To mark Fashion Revolution Week, Raquel Surally Wallace from Ethical Market interviewed The Soap Co. as a part of its series of blog interviews to bring out the story behind the brands that sell through its platform.
What is The Soap Co. all about?
Launched in September 2015, The Soap Co. is an ethical luxury brand of handmade soaps and lotions made in an environmentally sustainable way with delicious fragrances, Black Poppy & Wild Fig, White Tea & Citrus. The Soap Co. is part of CLARITY, the oldest surviving social enterprise in the UK. Founded in 1854, it has been supported by Queen Victoria, Charles Dickens and Winston Churchill. It was set up to employ, train and support people with disabilities and by so doing prove that businesses can do good, and that people and planet are as important as profit. Historically working behind the scenes creating products for hotels, local government and even cruise ships, The Soap Co. is CLARITY’s first consumer brand.
What makes The Soap Co. unique?
Every time you use a product from The Soap Co., you are creating opportunities for people who are blind or otherwise disabled or disadvantaged. Our mission is to provide a stepping-stone into other employment for those who can achieve it, whilst providing a real, long-term job for those for whom this goal is less likely. We currently employ more than 100 people across the country. By reinvesting 100% of profits, we aim to generate 60 new job opportunities every year.
How do you source your ingredients?
As an ethical luxury brand, we recognize the importance of sourcing quality ingredients. Our products are made with vitamins and natural extracts – cocoa butter and aloe vera – to hydrate and soothe the skin. All our products are paraben free and are not tested on animals. Although we are only at the beginning of our journey, we are confident and ready to take on the most established luxury brands in the sector – our new formulations have outperformed other luxury brands in consumer testing.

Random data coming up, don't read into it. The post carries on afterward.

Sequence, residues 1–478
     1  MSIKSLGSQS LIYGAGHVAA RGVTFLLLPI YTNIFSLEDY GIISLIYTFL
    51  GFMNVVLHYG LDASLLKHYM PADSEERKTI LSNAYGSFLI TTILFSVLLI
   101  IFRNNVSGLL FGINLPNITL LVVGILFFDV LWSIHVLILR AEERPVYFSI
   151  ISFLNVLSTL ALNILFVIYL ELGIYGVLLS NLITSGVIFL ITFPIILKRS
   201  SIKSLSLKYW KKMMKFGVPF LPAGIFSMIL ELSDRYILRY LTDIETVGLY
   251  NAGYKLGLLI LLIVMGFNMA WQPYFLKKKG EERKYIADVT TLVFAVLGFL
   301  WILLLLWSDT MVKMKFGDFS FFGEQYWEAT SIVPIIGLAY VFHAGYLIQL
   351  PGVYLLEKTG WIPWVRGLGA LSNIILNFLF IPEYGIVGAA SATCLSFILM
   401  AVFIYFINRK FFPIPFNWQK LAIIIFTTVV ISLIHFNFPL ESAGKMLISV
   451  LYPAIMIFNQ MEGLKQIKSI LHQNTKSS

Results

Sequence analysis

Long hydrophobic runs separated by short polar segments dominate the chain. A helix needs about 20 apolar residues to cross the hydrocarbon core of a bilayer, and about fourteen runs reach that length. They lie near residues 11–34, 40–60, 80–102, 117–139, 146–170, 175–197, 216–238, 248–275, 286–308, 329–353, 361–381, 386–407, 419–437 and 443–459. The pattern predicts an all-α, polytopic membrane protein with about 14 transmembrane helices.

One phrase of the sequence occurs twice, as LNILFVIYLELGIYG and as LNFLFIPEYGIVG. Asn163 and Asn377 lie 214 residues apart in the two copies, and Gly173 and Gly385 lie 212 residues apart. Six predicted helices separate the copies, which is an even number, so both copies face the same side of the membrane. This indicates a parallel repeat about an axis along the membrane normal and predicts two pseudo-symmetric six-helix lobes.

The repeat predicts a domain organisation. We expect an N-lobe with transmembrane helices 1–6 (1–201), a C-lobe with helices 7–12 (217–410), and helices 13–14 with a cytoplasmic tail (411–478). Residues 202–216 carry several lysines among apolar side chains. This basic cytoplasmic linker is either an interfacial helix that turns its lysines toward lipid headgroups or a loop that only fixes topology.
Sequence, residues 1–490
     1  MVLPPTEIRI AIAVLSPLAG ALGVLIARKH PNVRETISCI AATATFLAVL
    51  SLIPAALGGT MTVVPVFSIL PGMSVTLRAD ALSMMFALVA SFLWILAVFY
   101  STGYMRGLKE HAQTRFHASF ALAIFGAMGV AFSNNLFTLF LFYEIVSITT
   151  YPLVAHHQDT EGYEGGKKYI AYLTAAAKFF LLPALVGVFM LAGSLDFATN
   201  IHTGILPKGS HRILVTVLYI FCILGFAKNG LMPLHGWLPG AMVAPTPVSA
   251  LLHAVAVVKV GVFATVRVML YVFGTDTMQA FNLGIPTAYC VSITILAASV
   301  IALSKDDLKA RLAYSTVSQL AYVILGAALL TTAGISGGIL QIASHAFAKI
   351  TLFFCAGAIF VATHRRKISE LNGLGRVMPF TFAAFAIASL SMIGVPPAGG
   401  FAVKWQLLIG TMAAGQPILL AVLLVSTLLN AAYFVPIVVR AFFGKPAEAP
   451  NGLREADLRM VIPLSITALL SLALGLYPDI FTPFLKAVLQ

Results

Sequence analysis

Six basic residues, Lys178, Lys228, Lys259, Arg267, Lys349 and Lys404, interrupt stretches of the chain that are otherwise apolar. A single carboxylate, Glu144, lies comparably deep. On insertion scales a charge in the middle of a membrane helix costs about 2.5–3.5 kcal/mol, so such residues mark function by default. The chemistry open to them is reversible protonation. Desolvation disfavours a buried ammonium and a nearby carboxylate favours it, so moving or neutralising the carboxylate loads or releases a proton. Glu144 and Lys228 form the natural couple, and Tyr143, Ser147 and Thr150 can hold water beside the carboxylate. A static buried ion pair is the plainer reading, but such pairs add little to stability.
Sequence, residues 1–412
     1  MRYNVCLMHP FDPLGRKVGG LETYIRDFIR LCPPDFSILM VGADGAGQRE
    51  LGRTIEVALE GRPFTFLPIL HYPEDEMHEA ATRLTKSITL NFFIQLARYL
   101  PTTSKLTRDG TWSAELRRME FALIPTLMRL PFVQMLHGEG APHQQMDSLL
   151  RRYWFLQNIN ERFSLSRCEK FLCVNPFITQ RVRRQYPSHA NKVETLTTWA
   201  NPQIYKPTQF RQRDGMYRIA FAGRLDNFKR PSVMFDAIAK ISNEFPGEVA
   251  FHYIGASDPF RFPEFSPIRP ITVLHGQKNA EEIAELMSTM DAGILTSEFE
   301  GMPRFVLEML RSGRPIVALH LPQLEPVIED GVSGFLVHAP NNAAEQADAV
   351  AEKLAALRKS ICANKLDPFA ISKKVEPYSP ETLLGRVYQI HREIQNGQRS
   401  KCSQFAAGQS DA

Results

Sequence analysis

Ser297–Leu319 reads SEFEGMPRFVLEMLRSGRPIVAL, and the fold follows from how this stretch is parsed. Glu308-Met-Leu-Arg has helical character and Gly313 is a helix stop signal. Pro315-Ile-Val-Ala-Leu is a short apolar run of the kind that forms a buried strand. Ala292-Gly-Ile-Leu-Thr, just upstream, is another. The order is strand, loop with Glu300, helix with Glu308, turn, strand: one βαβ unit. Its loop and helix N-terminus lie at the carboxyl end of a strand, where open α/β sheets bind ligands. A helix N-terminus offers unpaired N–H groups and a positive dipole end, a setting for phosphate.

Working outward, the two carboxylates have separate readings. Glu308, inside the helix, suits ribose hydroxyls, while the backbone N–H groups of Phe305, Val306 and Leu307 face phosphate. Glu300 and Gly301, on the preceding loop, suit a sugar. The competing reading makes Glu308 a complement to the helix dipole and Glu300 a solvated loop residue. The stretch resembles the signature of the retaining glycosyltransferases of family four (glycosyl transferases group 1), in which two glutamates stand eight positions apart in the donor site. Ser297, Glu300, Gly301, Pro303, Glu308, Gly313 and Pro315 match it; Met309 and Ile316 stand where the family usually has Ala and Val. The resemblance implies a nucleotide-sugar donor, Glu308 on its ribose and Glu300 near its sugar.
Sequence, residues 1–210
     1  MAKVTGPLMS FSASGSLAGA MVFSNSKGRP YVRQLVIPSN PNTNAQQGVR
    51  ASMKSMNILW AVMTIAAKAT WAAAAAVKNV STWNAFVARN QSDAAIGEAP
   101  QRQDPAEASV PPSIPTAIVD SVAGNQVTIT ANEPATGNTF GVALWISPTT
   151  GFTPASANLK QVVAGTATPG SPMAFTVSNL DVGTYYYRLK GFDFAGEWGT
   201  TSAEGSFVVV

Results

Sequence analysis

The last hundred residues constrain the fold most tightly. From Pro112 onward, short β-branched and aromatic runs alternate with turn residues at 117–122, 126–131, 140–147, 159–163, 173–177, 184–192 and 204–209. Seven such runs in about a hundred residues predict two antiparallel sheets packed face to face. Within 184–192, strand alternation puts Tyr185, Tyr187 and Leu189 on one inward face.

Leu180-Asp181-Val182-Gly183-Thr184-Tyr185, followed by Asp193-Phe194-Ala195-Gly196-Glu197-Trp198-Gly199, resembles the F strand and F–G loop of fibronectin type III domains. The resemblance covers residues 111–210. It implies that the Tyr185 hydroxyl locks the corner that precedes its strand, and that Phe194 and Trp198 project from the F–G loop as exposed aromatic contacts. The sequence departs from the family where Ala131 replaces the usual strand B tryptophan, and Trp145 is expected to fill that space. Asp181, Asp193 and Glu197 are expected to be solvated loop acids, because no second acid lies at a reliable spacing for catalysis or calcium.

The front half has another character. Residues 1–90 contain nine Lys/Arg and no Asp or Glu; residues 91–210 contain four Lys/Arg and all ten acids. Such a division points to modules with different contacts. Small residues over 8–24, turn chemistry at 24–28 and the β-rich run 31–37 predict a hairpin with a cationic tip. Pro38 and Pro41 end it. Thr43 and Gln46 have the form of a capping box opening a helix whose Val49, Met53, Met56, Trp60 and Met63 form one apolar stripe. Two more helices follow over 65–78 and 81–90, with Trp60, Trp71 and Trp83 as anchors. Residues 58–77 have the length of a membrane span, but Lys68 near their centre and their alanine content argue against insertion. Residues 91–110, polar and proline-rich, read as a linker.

How do you source packaging?
The Soap Co. brand was created with the support of many award winning designers and suppliers that share our values - there doesn’t need to be a trade off between beautiful design, quality products and a social mission. Among these are Paul Belford’s design team who have worked with other leading ethical businesses including bottled-water business Belu. Our bottles are made from 25% recycled milk bottles, with almost 50% less impact on the environment than regular PET bottles; they are also refillable. The bar soap packaging is plastic-free using instead recycled and recyclable paper. The soap stickers are made by BioTAK, the market leader in sustainability in the UK, and are fully compostable. The biofilms, which wrap the soaps, are also fully compostable and made by Innovia Films. Finally, the glue used in the packaging is non-toxic and biodegradable.
Where is your factory based?
The Soap Co. is proud to be a Made in Britain brand with all our products and packaging created in the UK. We don’t have huge machinery abroad pumping out millions of bottles a month. Instead, we have a semi-automated production line at our factory in East London where our hand wash and hand lotions are made, and a tradition cold press process workshop in Keswick, Cumbria, where bar soaps are cut, stamped and wrapped with care. At both sites, which house large kennels for guide dogs, people with great skills and motivation work to create the wonderful products.
Ethical Market's blogpost.
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Are you passionate about making a difference and ready for a challenge? Are you looking for a role where you can ‘get stuck in’ and no two days are the same? Do you have the gift of the gab, can think on your feet and have tireless energy to use your skills for social good?
Great news – you may have just found your dream job!
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Black Friday is the traditional day for bargains, discounts and special offers galore on your favourite brands. It is also seen as a great opportunity for a brand to tempt you into trying new products at a discounted price.
But what if there is a negative consequence to these ‘bargains’?